Hair Dictionary


 

Deep conditioning (DC): A yummy treat for dehydrated strands. Most DC’s are labeled as such and should be left on with heat for about 30 minutes or an hour without heat.

Co-wash:  Using a cheapie conditioner to wash your hair. This retains moisture and is only recommended between full washes.

Cheapie Conditioner:  A lightweight conditioner used for co-washes. Aussie, Suave, VO5, and Garnier are all perfect examples of cheapie conditioners.

Pre-poo:  A treatment prior to shampooing your hair.  Can be done by applying a deep moisturizing conditioner and/or oil to you hair with a plastic cap to be left on overnight or 30-minutes before your shampoo.

Moisturizing:  Using a water-based moisturizer on your hair daily. You can use a spray or cream moisturizer,  depending on what you hair loves. Moisturizing your hair daily helps prevent breakage due to dryness and also improves elasticity.

Sealing:  Locking your daily moisturizer in by applying a natural oil to your strands afterwards. Use pure oils such as extra virgin olive oil, castor oil, coconut oil, jojoba oil.

Baggying:  Applying a daily moisturizer and/or natural oil to hair strands, then placing a plastic shower cap on to lock in moisture. This treatment is good if you are suffering from chronic dryness, but be careful about over-moisturizing which could also cause damage.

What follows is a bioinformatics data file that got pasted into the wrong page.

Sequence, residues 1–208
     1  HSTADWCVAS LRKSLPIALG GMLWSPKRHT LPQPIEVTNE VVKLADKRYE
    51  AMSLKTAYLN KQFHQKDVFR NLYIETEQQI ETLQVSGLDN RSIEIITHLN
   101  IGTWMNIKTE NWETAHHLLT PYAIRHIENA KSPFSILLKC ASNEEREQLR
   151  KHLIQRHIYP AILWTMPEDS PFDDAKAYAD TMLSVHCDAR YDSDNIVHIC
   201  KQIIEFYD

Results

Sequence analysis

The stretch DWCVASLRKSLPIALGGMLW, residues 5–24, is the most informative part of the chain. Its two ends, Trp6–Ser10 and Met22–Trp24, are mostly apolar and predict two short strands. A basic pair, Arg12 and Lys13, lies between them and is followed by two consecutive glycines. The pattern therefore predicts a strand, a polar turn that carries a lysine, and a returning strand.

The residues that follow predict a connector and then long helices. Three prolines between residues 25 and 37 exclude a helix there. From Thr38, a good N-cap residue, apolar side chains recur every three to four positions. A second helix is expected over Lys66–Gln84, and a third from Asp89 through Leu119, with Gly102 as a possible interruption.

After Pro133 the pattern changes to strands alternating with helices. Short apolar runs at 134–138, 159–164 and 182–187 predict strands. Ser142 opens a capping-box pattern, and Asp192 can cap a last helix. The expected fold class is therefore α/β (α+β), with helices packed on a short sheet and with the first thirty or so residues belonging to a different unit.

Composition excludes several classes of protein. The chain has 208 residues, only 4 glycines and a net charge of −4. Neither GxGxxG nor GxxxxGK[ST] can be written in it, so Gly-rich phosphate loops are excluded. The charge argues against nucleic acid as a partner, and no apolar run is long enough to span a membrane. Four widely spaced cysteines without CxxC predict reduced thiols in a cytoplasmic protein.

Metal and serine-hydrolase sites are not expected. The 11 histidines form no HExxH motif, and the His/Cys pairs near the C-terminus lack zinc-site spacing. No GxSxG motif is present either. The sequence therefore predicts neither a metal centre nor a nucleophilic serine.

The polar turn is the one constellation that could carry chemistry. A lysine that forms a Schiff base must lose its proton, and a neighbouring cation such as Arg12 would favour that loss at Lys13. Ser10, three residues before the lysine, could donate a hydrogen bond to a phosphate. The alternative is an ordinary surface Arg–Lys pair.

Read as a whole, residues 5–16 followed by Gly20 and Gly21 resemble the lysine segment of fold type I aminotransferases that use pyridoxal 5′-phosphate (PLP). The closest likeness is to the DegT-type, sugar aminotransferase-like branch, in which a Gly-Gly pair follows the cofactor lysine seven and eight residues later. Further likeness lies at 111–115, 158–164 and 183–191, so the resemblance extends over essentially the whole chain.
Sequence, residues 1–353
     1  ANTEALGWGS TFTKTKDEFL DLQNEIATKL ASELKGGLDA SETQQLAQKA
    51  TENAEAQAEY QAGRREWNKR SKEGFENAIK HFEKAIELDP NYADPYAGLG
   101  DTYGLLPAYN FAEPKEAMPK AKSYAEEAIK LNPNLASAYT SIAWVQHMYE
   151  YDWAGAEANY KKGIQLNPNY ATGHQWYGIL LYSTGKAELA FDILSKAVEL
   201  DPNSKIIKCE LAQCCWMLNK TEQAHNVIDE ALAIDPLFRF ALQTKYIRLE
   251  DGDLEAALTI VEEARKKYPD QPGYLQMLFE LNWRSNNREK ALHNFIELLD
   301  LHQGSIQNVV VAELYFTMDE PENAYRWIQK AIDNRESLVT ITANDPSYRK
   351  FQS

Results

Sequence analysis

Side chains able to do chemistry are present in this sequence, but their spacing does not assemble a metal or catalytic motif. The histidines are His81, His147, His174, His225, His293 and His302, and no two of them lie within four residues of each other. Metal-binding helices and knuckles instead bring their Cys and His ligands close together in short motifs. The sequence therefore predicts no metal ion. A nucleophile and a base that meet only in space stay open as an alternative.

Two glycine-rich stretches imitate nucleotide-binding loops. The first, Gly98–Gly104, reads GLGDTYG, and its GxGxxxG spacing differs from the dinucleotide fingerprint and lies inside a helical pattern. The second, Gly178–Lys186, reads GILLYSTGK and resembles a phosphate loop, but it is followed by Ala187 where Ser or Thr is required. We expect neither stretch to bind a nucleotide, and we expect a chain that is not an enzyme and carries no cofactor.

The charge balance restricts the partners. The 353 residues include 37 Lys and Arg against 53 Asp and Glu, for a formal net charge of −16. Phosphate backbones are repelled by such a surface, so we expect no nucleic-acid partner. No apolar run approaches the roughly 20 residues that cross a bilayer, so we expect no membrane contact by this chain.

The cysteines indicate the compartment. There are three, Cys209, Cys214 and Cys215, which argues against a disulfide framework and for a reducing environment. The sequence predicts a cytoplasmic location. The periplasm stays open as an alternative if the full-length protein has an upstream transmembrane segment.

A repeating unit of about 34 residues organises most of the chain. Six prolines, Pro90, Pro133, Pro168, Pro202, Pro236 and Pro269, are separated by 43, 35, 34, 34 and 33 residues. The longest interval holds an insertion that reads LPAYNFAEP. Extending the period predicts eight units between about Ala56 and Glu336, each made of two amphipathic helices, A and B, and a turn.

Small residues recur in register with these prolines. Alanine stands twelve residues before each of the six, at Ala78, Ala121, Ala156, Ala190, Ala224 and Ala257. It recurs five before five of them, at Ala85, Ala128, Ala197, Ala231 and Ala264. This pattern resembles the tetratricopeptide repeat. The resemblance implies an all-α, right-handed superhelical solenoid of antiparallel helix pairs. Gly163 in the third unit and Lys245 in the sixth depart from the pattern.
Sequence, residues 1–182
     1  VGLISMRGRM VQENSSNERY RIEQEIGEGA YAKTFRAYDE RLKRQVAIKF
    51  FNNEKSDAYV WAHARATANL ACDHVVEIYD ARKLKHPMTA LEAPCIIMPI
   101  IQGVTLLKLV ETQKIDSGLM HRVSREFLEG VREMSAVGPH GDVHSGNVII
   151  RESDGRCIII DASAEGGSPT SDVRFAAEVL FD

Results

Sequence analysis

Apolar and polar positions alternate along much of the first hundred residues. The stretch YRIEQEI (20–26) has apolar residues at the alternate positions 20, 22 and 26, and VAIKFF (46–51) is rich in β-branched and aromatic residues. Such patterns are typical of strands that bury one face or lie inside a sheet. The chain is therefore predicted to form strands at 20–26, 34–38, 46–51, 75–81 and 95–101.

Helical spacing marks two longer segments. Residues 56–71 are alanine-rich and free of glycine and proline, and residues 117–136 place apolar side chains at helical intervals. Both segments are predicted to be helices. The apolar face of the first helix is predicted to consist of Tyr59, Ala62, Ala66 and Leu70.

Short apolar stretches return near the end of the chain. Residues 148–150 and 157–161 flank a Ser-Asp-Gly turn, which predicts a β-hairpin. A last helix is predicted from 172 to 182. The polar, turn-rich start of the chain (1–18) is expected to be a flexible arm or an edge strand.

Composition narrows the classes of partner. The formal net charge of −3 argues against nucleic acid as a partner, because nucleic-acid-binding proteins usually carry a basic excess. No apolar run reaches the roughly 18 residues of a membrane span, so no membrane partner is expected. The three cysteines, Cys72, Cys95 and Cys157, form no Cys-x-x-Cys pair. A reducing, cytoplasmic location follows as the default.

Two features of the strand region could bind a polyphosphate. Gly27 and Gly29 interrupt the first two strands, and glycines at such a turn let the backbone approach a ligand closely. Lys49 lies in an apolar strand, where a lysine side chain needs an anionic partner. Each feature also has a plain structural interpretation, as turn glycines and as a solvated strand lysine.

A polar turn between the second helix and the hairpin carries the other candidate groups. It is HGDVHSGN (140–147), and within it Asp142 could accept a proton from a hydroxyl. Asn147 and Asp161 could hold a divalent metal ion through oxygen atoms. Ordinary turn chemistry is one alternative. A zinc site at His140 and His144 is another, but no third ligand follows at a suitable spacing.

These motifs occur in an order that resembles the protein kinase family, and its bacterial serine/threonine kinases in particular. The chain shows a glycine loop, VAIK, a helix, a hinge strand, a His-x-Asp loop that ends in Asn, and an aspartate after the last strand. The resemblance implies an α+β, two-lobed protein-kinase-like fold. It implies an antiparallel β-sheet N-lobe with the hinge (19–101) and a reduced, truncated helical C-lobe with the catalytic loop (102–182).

Low Manipulation: The art of being able to stop messing with you hair.  Low manipulation means to avoid touching, combing, brushing, and applying heat to your hair. Low manipulation reduces breakage and shedding, so consider decreasing your use of hair tools.

Protective Styling:  Wearing hairstyles that hide your ends, therefore protecting your hair from environmental dangers such as strands rubbing against clothing, strong wind, UV rays, etc. These styles give you and your hair a break. Examples of protective styles include buns, braids, twists, etc.

Braid-Out:  A low-manipulation style that is achieved by braiding wet hair in sections, allow to dry, then unbraid for a wavy look. Can also be done on dry hair and very helpful while stretching relaxers.

Stretching:  Extending the time between touch-ups to avoid over-processing and over-lapping relaxers.  Example is to do your touch-up every 8-12 weeks instead of every six weeks.

Search & Destroy: Hair trimming technique that involves searching for split ends and destroying, or trimming them, on contact. This is often done between trims to clean up or “dust” your ends.

Hair Type: Your natural curl pattern. You can determine your hair type by assessing your new growth, if you are relaxed.
Texlax: The middle ground between having natural and relaxed hair. Can be achieved by skipping the smoothing method during touch-ups, adding olive oil to relaxer, or reducing the processing time.  Texlaxed hair is relaxed, but not bone-straight; you hold on to a bit of your curl pattern for fuller hair (I fall into this category).
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